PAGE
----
1. An organization dedicated to conserving or protecting natural resources through various means, which may or may not include the actual acquisition of land or easements.
  1. The protection of land and related natural resources; may also refer to the management of resources to protect future value. [source: Glossary of Conservation Terms, Ridge and Valley Conservancy, Inc.,]
Conservation and Preservation Easements Act of 2001
  1. Until this law, Pennsylvania's land trusts have had to rely on "common law" when enforcing their conservation easements, which resulted in unnecessary legal expenses being incurred to defend against challenges to conservation easements. The Conservation and Preservation Easements Act changes this. At its heart, the Act says that, as a matter of public policy in Pennsylvania, conservation easements conforming to this law are valid. Furthermore, where there is ambiguity in an easement restriction, the Act directs the courts to interpret the restriction consistent with the purposes of the easement and the Act rather than favoring a conservation-unfriendly view of the restriction language. The Act does not prevent someone from challenging a conservation easement provision or an action taken by a land trust anyone can sue anyone for practically anything. Nor does it eliminate the need for a land trust to defend its position. However, it does reduce land trust financial and legal exposure as well as uncertainty in enforcement. In short, the Conservation and Preservation Easements Act: Reduces the legal costs associated with establishing the validity of a conservation easement, narrows the bases for challenging a conservation easement in court and eliminates a variety of ambiguities in easement law and creates a number of standards as covered in the following sections.
Conservation Buyer
  1. An individual who purchases land at full (or close to full price) and then place a conservation restriction on the land or a major portion of the land, ensuring its permanent conservation. Generally this is an individual of means. [source: Glossary of Conservation Terms, Ridge and Valley Conservancy, Inc.,]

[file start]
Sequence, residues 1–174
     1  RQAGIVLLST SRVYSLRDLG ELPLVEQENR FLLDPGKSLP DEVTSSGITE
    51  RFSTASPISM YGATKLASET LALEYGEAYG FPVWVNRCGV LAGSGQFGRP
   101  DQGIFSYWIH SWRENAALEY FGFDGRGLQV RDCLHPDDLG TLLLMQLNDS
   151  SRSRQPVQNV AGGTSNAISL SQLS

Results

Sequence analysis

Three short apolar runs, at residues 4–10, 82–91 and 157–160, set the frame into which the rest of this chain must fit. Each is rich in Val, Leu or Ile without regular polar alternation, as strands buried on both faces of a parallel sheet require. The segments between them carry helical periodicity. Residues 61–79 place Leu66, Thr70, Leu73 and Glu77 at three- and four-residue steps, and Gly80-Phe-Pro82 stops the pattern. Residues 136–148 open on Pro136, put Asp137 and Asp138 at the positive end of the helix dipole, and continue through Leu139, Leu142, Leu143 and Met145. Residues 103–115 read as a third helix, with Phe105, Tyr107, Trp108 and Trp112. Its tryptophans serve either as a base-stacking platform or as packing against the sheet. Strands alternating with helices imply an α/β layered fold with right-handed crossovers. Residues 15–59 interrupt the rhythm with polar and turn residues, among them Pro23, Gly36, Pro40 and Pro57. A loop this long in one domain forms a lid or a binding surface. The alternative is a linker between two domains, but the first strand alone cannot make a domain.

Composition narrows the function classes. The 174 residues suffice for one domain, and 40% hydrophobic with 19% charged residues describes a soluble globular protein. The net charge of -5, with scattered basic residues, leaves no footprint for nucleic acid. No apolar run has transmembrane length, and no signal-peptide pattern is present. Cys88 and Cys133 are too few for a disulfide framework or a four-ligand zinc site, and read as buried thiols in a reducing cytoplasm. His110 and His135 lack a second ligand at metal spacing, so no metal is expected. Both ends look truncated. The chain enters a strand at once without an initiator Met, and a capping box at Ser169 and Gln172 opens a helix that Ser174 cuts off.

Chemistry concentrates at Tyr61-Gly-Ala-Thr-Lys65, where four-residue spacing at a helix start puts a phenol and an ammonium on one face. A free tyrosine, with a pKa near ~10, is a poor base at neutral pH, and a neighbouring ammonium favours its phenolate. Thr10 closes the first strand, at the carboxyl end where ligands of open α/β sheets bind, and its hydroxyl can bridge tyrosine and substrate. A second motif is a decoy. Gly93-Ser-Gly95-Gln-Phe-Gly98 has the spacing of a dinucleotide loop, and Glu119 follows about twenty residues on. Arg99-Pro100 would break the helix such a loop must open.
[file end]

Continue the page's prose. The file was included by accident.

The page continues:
Conservation District
  1. In 1945, Pennsylvania state legislators recognized the need to support grass-roots conservation efforts. As a result, the Conservation District Law was passed, and county conservation districts were created. Today there is a conservation district established in every Pennsylvania county except Philadelphia. Conservation districts implement a variety of programs, and provide assistance for a range of issues unique to their county, such as: abandoned mines, agricultural land preservation, Chesapeake Bay Program, Dirt & Gravel Roads Program, Environmental Education, Erosion and Sedimentation Pollution Control, Floodplain Management, Forest Management, Nutrient Management Program, Stormwater Management, Waterway Protection, West Nile Virus Surveillance Program and Wildlife Management. Each Conservation District is led by a Board of Directors made up of local people from all walks of life. These volunteers study county natural resource issues and make decisions which enhance and protect the local community. [source:]